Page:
Media in Hisar: A hostage to self-image

Media should stop behaving like little sissy boys, always complaining and expecting some sort of special treatment

bikram

Bikram Vohra | November 20, 2014


Baba Rampal followers staging a protest outside Jantar Mantar in New Delhi on November 18.
Baba Rampal followers staging a protest outside Jantar Mantar in New Delhi on November 18.

Indian Media’s self absorption with itself and the canopy of importance under which it dwells has changed a great deal in the half century since we became journalists. This was profoundly discernible in the coverage of the Hisar ‘hostage’ situation at Baba Rampal’s citadel of dishonour when the fate of 15,000 civilians and an army of policemen facing their hostility was sidelined like one of those shunting trains for the stellar show of the evening called, “Look, look, the media is being beaten.”

Certainly all violence must be abhorred and unprovoked or not deserves to be condemned. There, having said that, a journalist stays with his story. He doesn’t use his power to sell himself, bloodstained or not. He reports.

To leave the story you are covering and make your pain central to the issue is an arrogance that borders on an absurd concept that the press is above the law and is parked on a pedestal.

These journalists were in a war zone. They were coming in the line of fire. They were interfering in an ongoing operation that had already run up casualties.

You want a Pultizer, go for it but take the risk of coming against some bad boys.

In many parts of the world where hot spots are flaring journalists risk their lives for a good story or even a singular photograph which speaks a thousand words.

They are embedded, they hear shells firing, they take on mortar fire and sometimes they get killed. They also get captured and gutted.

But they do not use their channels to blather on and on about a broken arm or some crushed equipment.

We were taught no one helps you with your job. I have covered wars and air crashes, been shot at, hit a mine, and gone into forbidden zones and taken the chance scared out of my mind, only the hubris of youth allowing me to do things I would not do now. But we never cried about it, we followed our story. That is all there was. We were never the story.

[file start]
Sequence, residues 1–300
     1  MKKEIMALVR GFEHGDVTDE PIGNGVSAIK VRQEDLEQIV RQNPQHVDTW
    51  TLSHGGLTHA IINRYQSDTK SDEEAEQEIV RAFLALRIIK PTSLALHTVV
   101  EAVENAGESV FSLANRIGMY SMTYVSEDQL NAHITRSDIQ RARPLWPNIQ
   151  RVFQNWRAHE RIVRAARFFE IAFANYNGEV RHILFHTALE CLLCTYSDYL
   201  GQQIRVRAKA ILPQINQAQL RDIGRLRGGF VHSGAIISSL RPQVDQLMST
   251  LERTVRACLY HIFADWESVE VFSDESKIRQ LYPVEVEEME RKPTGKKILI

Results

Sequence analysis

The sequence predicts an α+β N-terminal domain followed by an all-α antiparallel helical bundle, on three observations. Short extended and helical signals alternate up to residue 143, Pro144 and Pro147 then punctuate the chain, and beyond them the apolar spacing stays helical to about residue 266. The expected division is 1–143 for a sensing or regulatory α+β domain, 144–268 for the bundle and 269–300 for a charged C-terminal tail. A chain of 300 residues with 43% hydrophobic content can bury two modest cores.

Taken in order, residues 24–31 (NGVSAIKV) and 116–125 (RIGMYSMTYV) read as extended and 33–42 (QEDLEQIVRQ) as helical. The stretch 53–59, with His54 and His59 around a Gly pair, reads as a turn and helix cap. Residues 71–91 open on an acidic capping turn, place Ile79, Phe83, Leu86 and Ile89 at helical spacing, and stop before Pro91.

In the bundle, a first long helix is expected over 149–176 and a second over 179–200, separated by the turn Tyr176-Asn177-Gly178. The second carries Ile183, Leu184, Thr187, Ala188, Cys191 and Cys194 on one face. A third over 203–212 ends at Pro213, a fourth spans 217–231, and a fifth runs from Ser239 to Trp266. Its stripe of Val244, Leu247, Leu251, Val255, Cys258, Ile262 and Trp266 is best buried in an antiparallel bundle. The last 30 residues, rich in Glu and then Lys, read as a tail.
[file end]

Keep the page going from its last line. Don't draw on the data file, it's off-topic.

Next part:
But this new ‘midddya’ approach baffles me. They are like little sissy boys always moaning and complaining and expecting some sort of special treatment. Why?

Somewhere there has to be a balance between the watchdogs and their role as protectors.

You want to be a reporter, you report, stop moaning. Take that risk.
 

Comments

 

Other News

Yogi in politics, TN industries shift base and, how to end the Maharaja’s misery

Everyone in Yogi Adityanath`s office declares that Yogi’s political career is founded on the work carried out from there, first when he was mahant of the influential temple, and then as an MP. Vijendra Singh, who works at the office, says “It’s because of these letters that Yogiji has n

A fifth of Rs 29 lakh crore are NPAs

Banks have advanced a staggering Rs 29,46,060 crore to the industrial sector, of which Rs 6.93 lakh crore are non-performing assets (NPAs).   Finance minister Arun Jaitley informed

Demonetisation not meant to change cash use by people: Harvard economist

 Here are 10 things that Kenneth Rogoff, Thomas D Cabot professor of public policy, department of economics, Harvard University, and author of `The Curse of Cash`, said about demonetisation at the Delhi Economics Conclave 2017: 1. The core idea for demone

Ashok Malik is press secy to president

As Ram Nath Kovind readies to take charge as president, the government is forming his team, naming three officials.    Ashok Malik, former journalist and commentator known for his pro-right views, will serve as the press secretary to the president. Bharat Lal, Gujarat&rs

To understand Modi saga, look at the Vaghela story

Back in the early 1990s, Shankarsinh Vaghela was (or at least perceived to be) more popular of the two people running the BJP show in Gujarat. Today, the other man is the prime minister, and Vaghela is reduced to a footnote – albeit an important one – in the Narendra Modi saga. &n

‘Not just Muslims, everyone is in fear and awe of Yogi Adityanath’

At 70, Dr Aziz Ahmad, a well-known homeopath and politician now with Congress, still has a busy practice in Abu Bazaar, in old Gorakhpur. During working hours, the lane in which he has a clinic becomes jam-packed with patients and their vehicles. People speak of naming the lane after him.





Video

कश्मीर पर तीसरे पक्ष की मध्यस्थता स्वीकार नहीं - महबूबा

Current Issue

Opinion

Facebook    Twitter    Google Plus    Linkedin    Subscribe Newsletter

Twitter